| Energy and Natural Resource Lawyers
Nigeria: Leveraging gas for economic growth
Gbite AdenijiALEX Lagos
A major outcome of an audit of Nigeria's petroleum sector undertaken with the support of the World Bank in 2001 was the realisation that the development and utilisation of natural gas, Nigeria's most abundant natural resource, needed to be undertaken in a more orderly and responsible manner than its crude oil resources. With a mono – product economy and a burgeoning population of 180 million people, the desire of the Government at that time was that the country could leverage on its 187 trillion cubic feet of natural gas (the 7th largest natural gas reserves in the world) to achieve major industrialisation and perhaps diversify its economy beyond the petroleum sector.
As of 2001, the gas sector was largely undeveloped and most of the gas produced was flared. Issues such as third party access to sector infrastructure, pipeline ownership, tariff structure, gas transportation code were either largely absent or not treated in the legal framework which was largely written for oil and did not sufficiently address gas as a hydrocarbon. Gas supply was controlled by the national oil company, the Nigerian National Petroleum Corporation (NNPC), in partnership with a number of international oil companies. Gas transmission and distribution was also controlled by NNPC through its subsidiary, the Nigerian Gas Company. The regulator, the Department of Petroleum Resources, was ineffectual regulating the sector and effectively ceded policy making to the NNPC. Some gas - based industries such as the steel complex and an aluminium smelter plant had become comatose and wholesale gas offtake was limited to a few government – owned power plants. Gas pricing was regulated and considered uneconomic by producers, whilst the main offtakers frequently defaulted on payments for gas supplied. The two gas networks, located in the western and eastern parts of the country, were limited in coverage and unconnected to each other and often had operational issues due to gas quality, maintenance and pipeline sabotage. Fiscal incentives introduced by government in fact stimulated a slew of export projects, mainly for liquefied natural gas (LNG) or natural gas liquids (NGLs). However, the incentives effectively subsidised these projects from government's share of oil taxation and resulted in significant losses in government's share of economic rent from project revenues.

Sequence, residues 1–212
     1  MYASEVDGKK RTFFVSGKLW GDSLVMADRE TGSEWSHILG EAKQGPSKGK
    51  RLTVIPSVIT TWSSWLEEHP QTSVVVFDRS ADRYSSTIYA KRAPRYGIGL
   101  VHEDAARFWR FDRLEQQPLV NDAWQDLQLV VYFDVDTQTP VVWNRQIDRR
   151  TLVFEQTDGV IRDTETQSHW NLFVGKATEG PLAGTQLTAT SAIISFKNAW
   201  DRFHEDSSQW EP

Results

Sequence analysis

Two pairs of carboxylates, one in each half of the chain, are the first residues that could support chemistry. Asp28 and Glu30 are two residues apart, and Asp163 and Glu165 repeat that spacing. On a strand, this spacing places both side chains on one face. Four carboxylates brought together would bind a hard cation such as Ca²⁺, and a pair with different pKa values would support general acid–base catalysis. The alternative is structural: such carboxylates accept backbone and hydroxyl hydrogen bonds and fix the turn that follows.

Nigeria was thus confronted with a paradox: an economy in desperate need for diversification, an abundant natural gas resource, but an unviable, risk replete domestic gas market. The government sought the assistance of the World Bank for the development of a strategy to assess the barriers inhibiting the development of the domestic gas sector and to develop a strategic plan that would help in mobilising major private sector capital into the domestic gas sector in a manner consistent with its aspirations for participation in the global gas market. The Strategic Gas Plan resulting from this initiative recom-mended the adoption of comprehensive legal, regu-latory, fiscal and pricing reforms.
The immediate activities for the implementation of the Strategic Gas Plan were the drafting and adoption of Nigeria's first gas policy document and the preparation of draft legislation, the Natural Gas Fiscal Reform Act (NAGFRA) that provided for taxation based on the "r" factor. This essentially allowed for the adjustment of operator and Government take respectively depending on the profitability or otherwise of the project in any given year in a manner that was sensitive to changes in the global price for gas.
Adraft legislation for the regulation of the downstream gas sector, titled The Downstream Gas Bill, was also prepared. The bill provided a framework for the licensing by a regulator of all participants in gas supply, transportation, distribution and network operation. It also provided for the unbundling of the Nigerian Gas Company into separate gas merchant and gas transportation companies and extensive provisions for the antitrust regulation of the sector, including a third party access regime and a network code. A transitional pricing framework recognised the importance of cost reflectivity and a fair rate of return for all participants in each segment of the gas chain.
These initiatives were collectively designed to stimulate investment in upstream gas development as well as providing a clear framework for investors in downstream projects, inclusive of gas infrastructure. To much disappointment, both the NAGFRA and the Downstream Gas Bill never became law as a result of intense industry lobby and both bills expired in parliament by 2006.
The chickens came to roost before long. Nigeria has been embroiled in full - blown energy crises since 2007. Effective electric power supply from the (government – owned) power plants has averaged 3,000MW per day since 2007, the immediate consequence of which is massive reduction of local industrial capacity and high cost off – grid power production throughout the economy. Economic growth is stunted and several industrial enterprises have shut down or relocated to neighbouring industries. To compound this crises, efforts by several global gas based industrial concerns to establish major export oriented gas industrial projects in the country were stunted by the non – availability of near term gas supply of any significance.